Stage 2

In this stage, the company selects suitable suppliers from its database according to predefined criteria. In other words, the appropriate supplier capable of supplying the raw materials the company needs for its production. Several criteria are considered when making this choice. These include cost, production capacity, maximum delivery time and suppliers offering guarantees on the quality of finished products. The 3 or 4 ideal suppliers chosen on the basis of the above criteria will be put out to tender.

Stage 3

This is the final selection stage. This is a very delicate stage, as the company chooses its final supplier. It’s a highly complex process, during which suppliers make the necessary documents available to the client company and defend themselves in order to win the contract. These documents include a request for quotation, price proposals, information about the suppliers and the company’s economic and financial situation. On the basis of the dossier presented by each supplier and thanks to SRM, the company is able to choose the ideal supplier.

Step 4

At this stage, the company must formalise its commercial relationship with its new supplier. This contract will be concluded with reference to the various elements of the selection criteria. This stage is known as “negotiation”.

Stage 5

This is the procurement stage. This is the final discussion between the company and the supplier. It consists of agreeing on the logistical aspects, the method of invoice payment and the order fulfilment procedure.

Stage 6

Once the order has been delivered, the company assesses the supplier. This assessment relates to the execution of the delivery and compliance with deadlines. It is necessary in order to anticipate or limit risks.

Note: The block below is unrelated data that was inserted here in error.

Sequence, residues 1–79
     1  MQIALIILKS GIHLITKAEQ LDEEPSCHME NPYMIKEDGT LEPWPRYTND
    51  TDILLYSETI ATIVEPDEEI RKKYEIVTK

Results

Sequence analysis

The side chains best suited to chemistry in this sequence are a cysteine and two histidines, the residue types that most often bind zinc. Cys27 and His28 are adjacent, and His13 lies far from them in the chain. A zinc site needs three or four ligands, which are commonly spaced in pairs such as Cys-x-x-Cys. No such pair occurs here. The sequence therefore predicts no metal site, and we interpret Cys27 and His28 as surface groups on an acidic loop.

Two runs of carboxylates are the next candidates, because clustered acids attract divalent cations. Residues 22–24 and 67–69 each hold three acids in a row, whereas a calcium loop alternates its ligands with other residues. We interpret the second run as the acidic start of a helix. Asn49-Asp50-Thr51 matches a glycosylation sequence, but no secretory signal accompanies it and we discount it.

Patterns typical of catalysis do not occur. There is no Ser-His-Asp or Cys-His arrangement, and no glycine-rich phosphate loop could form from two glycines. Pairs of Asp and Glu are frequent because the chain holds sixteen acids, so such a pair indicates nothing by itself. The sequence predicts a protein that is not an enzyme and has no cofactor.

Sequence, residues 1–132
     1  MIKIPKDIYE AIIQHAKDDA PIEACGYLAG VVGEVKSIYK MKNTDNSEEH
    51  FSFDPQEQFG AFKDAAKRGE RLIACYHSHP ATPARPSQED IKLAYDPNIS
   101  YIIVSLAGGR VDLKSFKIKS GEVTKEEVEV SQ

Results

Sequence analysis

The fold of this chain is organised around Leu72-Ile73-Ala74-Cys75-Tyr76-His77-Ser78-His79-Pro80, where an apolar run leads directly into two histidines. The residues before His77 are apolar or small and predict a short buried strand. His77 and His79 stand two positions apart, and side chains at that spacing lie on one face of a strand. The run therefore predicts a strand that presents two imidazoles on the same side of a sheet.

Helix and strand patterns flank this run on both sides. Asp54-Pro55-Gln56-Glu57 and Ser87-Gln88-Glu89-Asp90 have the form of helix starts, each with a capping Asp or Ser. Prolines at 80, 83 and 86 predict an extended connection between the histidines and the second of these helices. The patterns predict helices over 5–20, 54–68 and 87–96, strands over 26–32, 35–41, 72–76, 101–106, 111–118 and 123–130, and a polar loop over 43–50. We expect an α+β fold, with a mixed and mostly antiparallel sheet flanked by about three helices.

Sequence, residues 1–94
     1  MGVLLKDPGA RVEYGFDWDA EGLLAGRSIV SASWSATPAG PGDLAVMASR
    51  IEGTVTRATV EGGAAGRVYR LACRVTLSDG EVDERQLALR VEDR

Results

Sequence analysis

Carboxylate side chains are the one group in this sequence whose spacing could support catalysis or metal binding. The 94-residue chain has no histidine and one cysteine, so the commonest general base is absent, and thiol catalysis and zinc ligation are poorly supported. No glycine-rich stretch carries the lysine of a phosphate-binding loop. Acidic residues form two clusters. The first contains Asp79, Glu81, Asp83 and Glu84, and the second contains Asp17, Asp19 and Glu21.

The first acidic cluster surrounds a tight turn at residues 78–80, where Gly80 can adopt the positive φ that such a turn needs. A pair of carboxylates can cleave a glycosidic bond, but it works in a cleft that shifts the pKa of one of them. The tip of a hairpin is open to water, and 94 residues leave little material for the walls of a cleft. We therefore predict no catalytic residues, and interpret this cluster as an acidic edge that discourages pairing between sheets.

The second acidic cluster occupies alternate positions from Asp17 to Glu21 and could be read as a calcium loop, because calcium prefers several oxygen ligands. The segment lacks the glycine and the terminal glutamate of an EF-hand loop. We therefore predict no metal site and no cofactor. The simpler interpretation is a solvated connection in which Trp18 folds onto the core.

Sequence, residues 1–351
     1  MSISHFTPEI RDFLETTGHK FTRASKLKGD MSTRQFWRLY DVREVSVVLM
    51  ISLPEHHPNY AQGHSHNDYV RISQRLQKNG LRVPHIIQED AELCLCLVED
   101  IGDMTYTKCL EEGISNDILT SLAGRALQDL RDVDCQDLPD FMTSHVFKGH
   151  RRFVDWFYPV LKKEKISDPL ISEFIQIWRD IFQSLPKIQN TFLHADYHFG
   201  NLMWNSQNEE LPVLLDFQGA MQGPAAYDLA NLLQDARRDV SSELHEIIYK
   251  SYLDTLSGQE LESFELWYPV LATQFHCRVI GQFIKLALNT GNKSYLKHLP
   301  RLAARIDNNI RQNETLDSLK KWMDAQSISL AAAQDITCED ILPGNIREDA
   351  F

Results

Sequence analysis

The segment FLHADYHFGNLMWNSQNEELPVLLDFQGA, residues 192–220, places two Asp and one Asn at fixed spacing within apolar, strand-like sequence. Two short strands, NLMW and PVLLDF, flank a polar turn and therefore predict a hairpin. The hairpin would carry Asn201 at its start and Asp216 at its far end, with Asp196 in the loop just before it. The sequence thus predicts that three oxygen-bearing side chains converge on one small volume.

What do we mean by the customer-supplier relationship?

The customer-supplier relationship is a process that requires the parties to agree unambiguously on the terms of the exchange. It is a known, unanimous and optimised working process between customer and supplier. This definition generates duties for all stakeholders. The customer must express his needs clearly. He must describe the need, the quantity required, the delivery time and the cost.

The supplier must deliver the product or service in accordance with the customer’s requirements. They must always question whether their customers’ needs are being met. They must encourage dialogue within the company by giving their employees a voice. When it comes to management, employer-employee dialogue is vital in that it helps to lighten the atmosphere. It’s a process that allows employers to listen to their staff about the problems that are undermining the company and to iron out any malfunctions that are detrimental to customer satisfaction. The aim of this dialogue is also to bring the employer up to date with information from the field. Purchasing management software will be responsible for centralising information so that no time is wasted. So we need to raise awareness so that every customer is satisfied with the services provided by the company. This is the sine qua non for improving the quality of the customer-supplier relationship, both inside and outside the company.

In short, purchasing management software genuinely improves a company’s accounting department. It is a real driver of business development. SRM is a real example of this, and in the long term it will help to increase turnover. The dematerialisation of supplier invoices facilitates exchanges and centralises all the information they contain. All that remains is to convince suppliers to opt for electronic invoicing. This will improve existing relations between the two stakeholders.